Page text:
How Does the Ketogenic Diet Work

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Ketogenic diet ever popular
A ketogenic diet has become very popular with body builders and/or those wanting to lose weight. This diet allows one to lose fat weight without losing muscle mass, and in fact, while gaining muscle mass in the case of some body builders.

A ketogenic diet, also referred to as a ketosis diet or a keto diet, forces the body to burn fat as its primary energy source instead of carbohydrates. This is done by forcing the body into a metabolic state called ketosis, hence the name “ketogenic diet” or “ketosis diet.” Ketosis is considered a safe and healthy metabolic state and should not to be confused with ketoacidosis, a dangerous medical condition.

ketogenic_diet how to

The state of ketosis is reached by very significantly lowering the intake of carbohydrates in the diet while at the same type significantly increasing the fat intake and making sure to eat adequate amounts of protein to maintain muscle. When carbohydrates are eaten, the body will preferentially burn these, not fat, for energy. However, if one stops eating carbohydrates or eats them in very low quantity, the body is forced to turn to stored fat for energy. The body will burn the fat stored in the liver first, and then when this is used up, it will burn fatty adipose tissue, commonly referred to simply as fat. An example of fatty adipose tissue would be the fat stored in “love handles” or “fatty thighs.” It is not uncommon for an overweight person to lose 5-6 pounds a week while in ketosis.

ketogenic diet limited carbohydreates

Normally when someone eats carbohydrates, these carbohydrates are first broken down into glucose. This glucose then raises the blood sugar and triggers the pancreas to produce the hormone insulin. This insulin then helps the body break glucose down and use it for fuel. However, if carbohydrates are significantly limited, a hormone called glucagon is produced by the pacreas and this forces the body to use a secondary metabolic pathway for energy. Glucagon stimulates the liver to convert fat into fatty acids and ketone bodies, also called ketones. These ketones can be used instead of glucose to fuel the brain and other organs.

The ratio of macronutrients in a strict ketogenic diet is around 65 percent fat, 30 percent protein, and five percent carbohydrate. Keep in mind though that these ratios can vary considerably depending on the exact type of ketogenic diet one follows. Typically the diet consists of a lot of meat, seafood, eggs, cheeses, butter, and vegetables very low in carbohydrate and very high fiber such as kale, mustard greens, broccoli, and celery. One can basically eat all of these foods they want because they are very filling and contain little to no carbohydrate.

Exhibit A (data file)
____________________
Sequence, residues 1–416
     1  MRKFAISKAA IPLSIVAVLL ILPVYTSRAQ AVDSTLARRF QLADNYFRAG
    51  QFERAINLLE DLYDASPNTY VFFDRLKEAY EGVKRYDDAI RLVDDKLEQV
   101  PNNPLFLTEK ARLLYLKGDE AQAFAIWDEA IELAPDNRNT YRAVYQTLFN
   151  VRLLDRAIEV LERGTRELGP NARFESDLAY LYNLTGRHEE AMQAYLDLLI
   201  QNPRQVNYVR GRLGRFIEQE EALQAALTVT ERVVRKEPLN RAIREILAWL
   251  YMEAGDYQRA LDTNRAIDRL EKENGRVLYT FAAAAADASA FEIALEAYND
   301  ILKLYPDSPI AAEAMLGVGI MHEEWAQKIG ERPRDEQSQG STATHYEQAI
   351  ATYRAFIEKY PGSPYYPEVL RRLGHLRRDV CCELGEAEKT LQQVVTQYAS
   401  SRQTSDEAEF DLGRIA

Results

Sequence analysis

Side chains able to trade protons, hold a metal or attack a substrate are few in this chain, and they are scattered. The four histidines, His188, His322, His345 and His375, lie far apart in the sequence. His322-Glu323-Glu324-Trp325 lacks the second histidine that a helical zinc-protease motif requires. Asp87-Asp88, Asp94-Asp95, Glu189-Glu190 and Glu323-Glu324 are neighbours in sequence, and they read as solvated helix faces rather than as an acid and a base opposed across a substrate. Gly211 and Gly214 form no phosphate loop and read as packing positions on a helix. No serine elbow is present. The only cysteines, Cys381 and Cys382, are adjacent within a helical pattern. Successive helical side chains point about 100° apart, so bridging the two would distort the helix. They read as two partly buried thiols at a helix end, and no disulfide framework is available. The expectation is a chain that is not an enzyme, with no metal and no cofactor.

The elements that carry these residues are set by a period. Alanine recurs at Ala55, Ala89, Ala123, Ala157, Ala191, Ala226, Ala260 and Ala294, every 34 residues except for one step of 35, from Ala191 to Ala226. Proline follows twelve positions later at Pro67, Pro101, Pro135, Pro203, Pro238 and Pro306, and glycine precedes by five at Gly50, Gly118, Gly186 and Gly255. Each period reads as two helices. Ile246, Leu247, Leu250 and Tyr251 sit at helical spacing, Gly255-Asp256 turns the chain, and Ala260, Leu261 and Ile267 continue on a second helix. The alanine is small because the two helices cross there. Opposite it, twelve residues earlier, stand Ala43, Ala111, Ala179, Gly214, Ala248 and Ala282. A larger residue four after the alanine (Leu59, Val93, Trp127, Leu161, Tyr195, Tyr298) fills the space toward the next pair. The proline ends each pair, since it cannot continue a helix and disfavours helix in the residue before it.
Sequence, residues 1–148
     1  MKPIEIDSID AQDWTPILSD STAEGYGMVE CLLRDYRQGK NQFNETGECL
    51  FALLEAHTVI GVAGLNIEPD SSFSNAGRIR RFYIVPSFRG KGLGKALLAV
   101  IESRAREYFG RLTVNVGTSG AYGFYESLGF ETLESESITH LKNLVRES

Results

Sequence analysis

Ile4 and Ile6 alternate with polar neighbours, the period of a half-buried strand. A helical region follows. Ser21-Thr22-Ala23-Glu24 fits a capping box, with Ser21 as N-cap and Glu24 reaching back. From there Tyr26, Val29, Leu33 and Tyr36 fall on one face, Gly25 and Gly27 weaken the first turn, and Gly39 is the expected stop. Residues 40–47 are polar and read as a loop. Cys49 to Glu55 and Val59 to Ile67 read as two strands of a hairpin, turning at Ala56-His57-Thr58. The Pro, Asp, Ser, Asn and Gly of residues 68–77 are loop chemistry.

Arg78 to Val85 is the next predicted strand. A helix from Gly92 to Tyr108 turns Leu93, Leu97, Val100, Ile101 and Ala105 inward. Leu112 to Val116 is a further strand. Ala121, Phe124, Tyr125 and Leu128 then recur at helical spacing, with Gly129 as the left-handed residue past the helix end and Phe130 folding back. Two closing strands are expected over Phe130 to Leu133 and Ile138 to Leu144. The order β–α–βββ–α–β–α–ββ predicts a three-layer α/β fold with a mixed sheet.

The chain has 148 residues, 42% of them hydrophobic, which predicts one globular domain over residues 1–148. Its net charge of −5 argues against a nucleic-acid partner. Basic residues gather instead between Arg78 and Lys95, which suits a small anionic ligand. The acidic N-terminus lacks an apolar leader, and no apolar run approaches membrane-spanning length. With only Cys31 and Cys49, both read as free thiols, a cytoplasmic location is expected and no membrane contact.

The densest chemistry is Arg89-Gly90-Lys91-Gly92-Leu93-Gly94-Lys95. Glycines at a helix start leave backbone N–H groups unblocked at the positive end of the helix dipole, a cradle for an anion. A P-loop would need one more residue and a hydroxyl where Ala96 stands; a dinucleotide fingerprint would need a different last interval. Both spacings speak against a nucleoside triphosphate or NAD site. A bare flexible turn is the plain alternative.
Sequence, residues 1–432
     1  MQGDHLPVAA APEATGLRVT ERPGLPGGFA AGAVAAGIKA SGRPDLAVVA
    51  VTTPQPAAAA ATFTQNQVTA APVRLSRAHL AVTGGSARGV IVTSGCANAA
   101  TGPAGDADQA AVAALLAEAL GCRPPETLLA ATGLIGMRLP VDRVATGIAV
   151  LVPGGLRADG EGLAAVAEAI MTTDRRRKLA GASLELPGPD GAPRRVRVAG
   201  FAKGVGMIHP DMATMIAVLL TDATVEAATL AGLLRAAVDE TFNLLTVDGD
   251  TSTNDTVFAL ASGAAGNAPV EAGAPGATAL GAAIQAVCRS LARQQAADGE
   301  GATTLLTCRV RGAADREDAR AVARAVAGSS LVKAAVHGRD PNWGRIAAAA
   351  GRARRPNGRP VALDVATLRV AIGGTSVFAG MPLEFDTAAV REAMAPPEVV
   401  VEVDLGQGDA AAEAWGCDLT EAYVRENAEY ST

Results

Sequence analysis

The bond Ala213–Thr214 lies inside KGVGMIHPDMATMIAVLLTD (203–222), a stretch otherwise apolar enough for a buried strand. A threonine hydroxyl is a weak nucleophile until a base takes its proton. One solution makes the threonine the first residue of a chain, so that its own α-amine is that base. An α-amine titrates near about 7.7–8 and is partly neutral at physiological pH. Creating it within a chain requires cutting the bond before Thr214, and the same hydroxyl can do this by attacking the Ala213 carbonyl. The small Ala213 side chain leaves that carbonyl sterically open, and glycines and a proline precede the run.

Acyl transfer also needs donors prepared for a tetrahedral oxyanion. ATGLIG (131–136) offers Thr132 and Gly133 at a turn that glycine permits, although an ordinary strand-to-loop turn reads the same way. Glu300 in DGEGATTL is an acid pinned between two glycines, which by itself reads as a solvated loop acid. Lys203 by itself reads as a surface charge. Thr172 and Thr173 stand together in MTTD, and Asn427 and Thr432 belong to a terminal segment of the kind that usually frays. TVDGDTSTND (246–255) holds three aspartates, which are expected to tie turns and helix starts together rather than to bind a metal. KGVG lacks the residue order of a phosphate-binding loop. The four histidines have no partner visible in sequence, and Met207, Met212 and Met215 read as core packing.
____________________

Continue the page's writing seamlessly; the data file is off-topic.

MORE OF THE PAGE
Some ketogenic diets will also include reasonable portions of foods like cucumbers, peppers, nuts, avocados, sweet potatoes, squash, whole wheat pasta, and quinoa. These foods are a little higher in carbohydrates so portion size is watched closely and generally kept small. However, all forms of sugar and white starchy foods are strictly off limits. These include white bread, white potatoes, most pastas, pancakes, fruit juice, tortillas, and corn. It is usually recommended that one also take a high quality multi-vitamin and a calcium supplement to make up for a lower intake of vegetables. However, eating a lot of green leafy vegetables and reasonable portions of other low carbohydrate vegetables can mitigate this potential problem.

Variations of The Ketogenic Diet

While the information above covers the basics of how a ketogenic diet works, there are many different variations of this diet. One of the most popular with body builders is the cyclical ketogenic diet, often abbreviated as a CKD. This variation of the ketogenic diet takes into account the fact that a diet low in carbohydrates does not give high enough bursts of energy needed for high intensity training. For this reason, body builders will sometimes alternate the basic ketogenic diet with periods where they eat higher levels of carbohydrate. They train hard while eating the diet higher in carbohydrates and relax the training while cutting their carbohydrates. A related variation of the ketogenic diet is called the standard ketogenic diet, often abbreviated as a SKD, where a body builder times his or her consumption of carbohydrates precisely around their work-out schedule.

Another popular variation of the ketogenic diet is the MCT diet. MCT stands for medium-chain triglycerides. While most fatty foods, like pure cream and butter, contain long-chain triglycerides, some fatty foods, like coconut oil, contain medium-chain triglycerides. Research has shown that medium-chain fats are more easily and efficiently converted to ketones than long-chain fats. Therefore, if more of the dietary fat comes from medium-chain fats, the overall fat percentage can be lowered a bit and the carbohydrate percentage can be raised a bit and the diet will still have the same effect, i.e. it will still force the body to burn stored fat.

Now that you understand the basics of a ketogenic diet, you can begin to put it into action to lose fat pounds without sacrificing muscle mass.

To read others experiences with the ketogenic diet and bodybuilding ketosis please visit the iron den forum at

Mike Shiles

Mike Shiles is a bodybuilder, gym owner, freelance writer, success coach and author of “Burn fat build muscle. He has written thousands of articles on exercise, nutrition and health.

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